Fig. 9. Drained bubbles in a Hele-Shaw cell (of diameter 400 ␮m). In the upper section the bubbles are arranged in a Kelvin (bcc) packing, at the bottom they are packed according to fcc(1 1 1). A notched ordered interface separates the two crystals.

We have extended the structural characteristics of the wet bubble crystals first observed by Bragg and Nye [1]. By using a ray-tracing technique we can distinguish between ABC and ABA packings at the top surface. This method, together with the analysis of terraces at the foam–water interface, was used to

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estimate the frequency of occurrence of the crystalline structures of fcc and hcp, at least to the extent that the stacking sequence is followed for several layers, with some corroborative evidence for deeper order. The clear preference for an fcc structure is not yet clearly understood. We have indicated a particular effect of gas diffusion at the top surface layer, where through a stage of a seemingly disordered surface structure, finally a fully ordered bidisperse top layer for fcc(1 0 0) emerges. The process repeats itself for consecutive layers. We also showed preliminary results on the drainage of the wet structures, raising some interesting questions with regards the transition from dry to wet foam and vice versa, and the possibility to search for the Weaire–Phelan structure. The mechanism by which the bubble system orders is still unclear, but several possible factors have been identified. A strong candidate would appear to be the influence of the extensive shearing involved in the rapid extrusion of the bubbles from the outlet, since shear induced ordering is well known to occur under certain circumstances in emulsions [14,15]. Shear could play a role for the occurrence of fcc(1 0 0) at the gas–foam surface, together with hydrodynamic effects. Another possible explanation may be the natural presence of a template of an ordered bubble layer at the gas-water interface. This can stimulate order in the layers of bubbles that form underneath. Templates in colloids and bead systems have been shown to readily induce order depending on the deposition rate [4,35]. In future experiments we will study this effects by artificially imposing a disordered surface template. We will also consider the effects of varying the surfactant concentration and viscosity, in an attempt to isolate the key ingredients required to generate the observed highly ordered crystal structures. We have investigated the degree to which templating effects can assist ordering in frictionless sphere systems, by performing numerical simulations of the deposition of spheres onto both triangularly packed and square packed surface layers. The simulations consist of a simple “toy-model” in which we perform a time integration of Newton’s equations of motion with appropriate inter-sphere and sphere–liquid interactions. Spheres introduced at the bottom of our simulation cell filled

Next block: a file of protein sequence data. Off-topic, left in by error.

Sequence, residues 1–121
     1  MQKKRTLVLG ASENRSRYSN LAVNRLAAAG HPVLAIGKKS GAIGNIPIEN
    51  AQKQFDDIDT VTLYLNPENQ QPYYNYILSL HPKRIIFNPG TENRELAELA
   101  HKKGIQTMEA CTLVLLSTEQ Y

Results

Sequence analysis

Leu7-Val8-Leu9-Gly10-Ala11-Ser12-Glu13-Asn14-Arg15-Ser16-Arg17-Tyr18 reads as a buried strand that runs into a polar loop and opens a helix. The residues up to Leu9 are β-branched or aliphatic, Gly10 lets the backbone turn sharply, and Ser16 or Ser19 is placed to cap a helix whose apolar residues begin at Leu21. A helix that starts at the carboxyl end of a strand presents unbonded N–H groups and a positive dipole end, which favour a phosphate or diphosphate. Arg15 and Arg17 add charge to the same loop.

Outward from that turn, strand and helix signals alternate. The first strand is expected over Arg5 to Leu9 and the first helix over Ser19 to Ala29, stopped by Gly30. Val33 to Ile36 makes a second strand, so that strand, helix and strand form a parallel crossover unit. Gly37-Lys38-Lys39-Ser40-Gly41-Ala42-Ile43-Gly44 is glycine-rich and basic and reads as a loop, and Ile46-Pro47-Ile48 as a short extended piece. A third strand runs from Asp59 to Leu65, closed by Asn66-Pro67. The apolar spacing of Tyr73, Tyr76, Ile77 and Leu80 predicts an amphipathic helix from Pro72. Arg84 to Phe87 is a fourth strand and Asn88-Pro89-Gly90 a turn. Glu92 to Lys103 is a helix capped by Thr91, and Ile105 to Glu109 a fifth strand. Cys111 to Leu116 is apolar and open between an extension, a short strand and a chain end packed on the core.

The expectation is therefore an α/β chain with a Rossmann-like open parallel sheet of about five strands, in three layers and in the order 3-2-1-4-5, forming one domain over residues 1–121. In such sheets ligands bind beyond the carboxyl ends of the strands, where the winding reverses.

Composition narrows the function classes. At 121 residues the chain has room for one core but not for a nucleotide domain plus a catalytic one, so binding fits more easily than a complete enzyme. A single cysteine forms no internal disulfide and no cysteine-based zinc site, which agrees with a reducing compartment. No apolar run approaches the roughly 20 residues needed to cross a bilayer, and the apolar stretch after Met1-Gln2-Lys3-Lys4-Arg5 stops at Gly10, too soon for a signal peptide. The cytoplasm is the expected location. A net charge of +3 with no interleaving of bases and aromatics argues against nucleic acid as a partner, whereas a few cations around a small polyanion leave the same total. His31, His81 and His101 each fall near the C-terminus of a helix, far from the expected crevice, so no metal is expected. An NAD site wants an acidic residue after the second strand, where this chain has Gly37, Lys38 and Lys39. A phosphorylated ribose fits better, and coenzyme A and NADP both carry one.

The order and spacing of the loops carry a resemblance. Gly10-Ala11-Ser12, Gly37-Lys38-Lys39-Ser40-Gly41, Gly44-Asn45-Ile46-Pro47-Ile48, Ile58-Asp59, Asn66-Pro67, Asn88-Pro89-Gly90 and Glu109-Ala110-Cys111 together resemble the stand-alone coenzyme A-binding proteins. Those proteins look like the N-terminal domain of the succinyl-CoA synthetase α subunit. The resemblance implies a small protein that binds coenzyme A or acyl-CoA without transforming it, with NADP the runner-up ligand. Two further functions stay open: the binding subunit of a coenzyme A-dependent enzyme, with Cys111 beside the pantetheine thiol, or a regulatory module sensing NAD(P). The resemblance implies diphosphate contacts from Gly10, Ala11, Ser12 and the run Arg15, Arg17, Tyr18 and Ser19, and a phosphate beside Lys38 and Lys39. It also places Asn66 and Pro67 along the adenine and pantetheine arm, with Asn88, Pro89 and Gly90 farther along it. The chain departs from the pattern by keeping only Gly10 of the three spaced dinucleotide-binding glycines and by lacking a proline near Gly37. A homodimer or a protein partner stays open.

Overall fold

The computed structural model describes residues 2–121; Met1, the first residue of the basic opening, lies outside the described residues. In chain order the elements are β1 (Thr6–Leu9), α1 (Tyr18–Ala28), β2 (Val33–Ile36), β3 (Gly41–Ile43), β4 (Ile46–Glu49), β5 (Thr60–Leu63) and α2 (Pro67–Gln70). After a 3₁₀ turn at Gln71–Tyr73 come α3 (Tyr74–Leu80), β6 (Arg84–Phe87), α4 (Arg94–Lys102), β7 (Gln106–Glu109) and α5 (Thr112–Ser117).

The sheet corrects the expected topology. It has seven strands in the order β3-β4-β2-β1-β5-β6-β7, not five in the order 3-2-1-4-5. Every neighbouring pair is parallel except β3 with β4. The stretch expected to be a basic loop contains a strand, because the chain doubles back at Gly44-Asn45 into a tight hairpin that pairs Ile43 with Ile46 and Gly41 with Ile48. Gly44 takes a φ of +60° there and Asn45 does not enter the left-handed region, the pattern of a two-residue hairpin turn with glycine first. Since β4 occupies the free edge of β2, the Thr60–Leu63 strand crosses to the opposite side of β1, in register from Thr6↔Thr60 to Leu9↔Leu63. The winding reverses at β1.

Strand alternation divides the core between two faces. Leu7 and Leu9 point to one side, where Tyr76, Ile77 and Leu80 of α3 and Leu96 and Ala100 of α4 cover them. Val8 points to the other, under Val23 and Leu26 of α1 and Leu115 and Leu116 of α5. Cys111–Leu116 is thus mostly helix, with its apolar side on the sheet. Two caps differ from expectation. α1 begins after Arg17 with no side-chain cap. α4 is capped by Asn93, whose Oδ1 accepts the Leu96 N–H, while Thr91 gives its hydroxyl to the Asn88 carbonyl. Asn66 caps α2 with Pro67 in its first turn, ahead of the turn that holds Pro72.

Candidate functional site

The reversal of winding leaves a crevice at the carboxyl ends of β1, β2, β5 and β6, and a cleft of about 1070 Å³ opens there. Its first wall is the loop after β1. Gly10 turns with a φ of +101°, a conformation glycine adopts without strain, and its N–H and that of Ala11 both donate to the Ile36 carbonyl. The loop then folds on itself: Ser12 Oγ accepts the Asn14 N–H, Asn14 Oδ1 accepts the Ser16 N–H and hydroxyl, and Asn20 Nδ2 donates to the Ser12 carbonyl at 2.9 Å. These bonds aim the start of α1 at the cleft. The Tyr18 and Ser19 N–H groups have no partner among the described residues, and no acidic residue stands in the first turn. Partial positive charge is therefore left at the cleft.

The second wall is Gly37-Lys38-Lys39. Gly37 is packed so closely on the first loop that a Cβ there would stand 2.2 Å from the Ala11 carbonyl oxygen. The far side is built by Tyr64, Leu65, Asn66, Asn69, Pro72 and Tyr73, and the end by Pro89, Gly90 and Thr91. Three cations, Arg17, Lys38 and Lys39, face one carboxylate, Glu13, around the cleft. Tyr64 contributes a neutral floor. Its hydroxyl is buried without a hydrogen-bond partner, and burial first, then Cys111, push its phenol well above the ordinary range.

Fig. 10. Simulation of the deposition (from below) of spheres onto a triangularly packed surface layer. The ordering of the balls is controlled by the amount of dissipation in the system. While for low dissipation a large number of defects are generally observed (a), a perfect fcc ordering can be achieved if dissipation is increased (b).

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with liquid, rise due to buoyancy. Colliding spheres interact via the Hertz law. Dissipative effects are incorporated into the simulations via the inclusion of velocity-dependent Stokes forces and the consideration of viscoelastic dissipation in sphere collisions. We find a very high degree of ordering in the bulk sphere packing if we initialise the simulations by an ordered (triangular) surface layer of spheres (Fig. 10) [36]. This occurs both for the case where spheres are released at random points at the bottom of the simulation box or at just a single point. The ordering for the latter scenario is generally more perfect.

Acknowledgments We wish to thank JF Nye for his advice and information on his remarkable early work. R. H¨ohler and S. Cohen-Addad are thanked for introducing us to their work on similar systems. We gratefully acknowledge stimulating discussions at the EPSRC funded FRIT workshop in Aberystwyth, June 2005 by S. Cox. Our work was supported by the European Space Agency (MAP AO-99-108:C14914/02/NL/SH, MAP AO-99-075: C14308/00/NL/SH), Enterprise Ireland (BRG SC/2002/011) and Science Foundation Ireland (RFP 05/RFP/PHY0016). WD is an IRCSET Postdoctoral Fellow.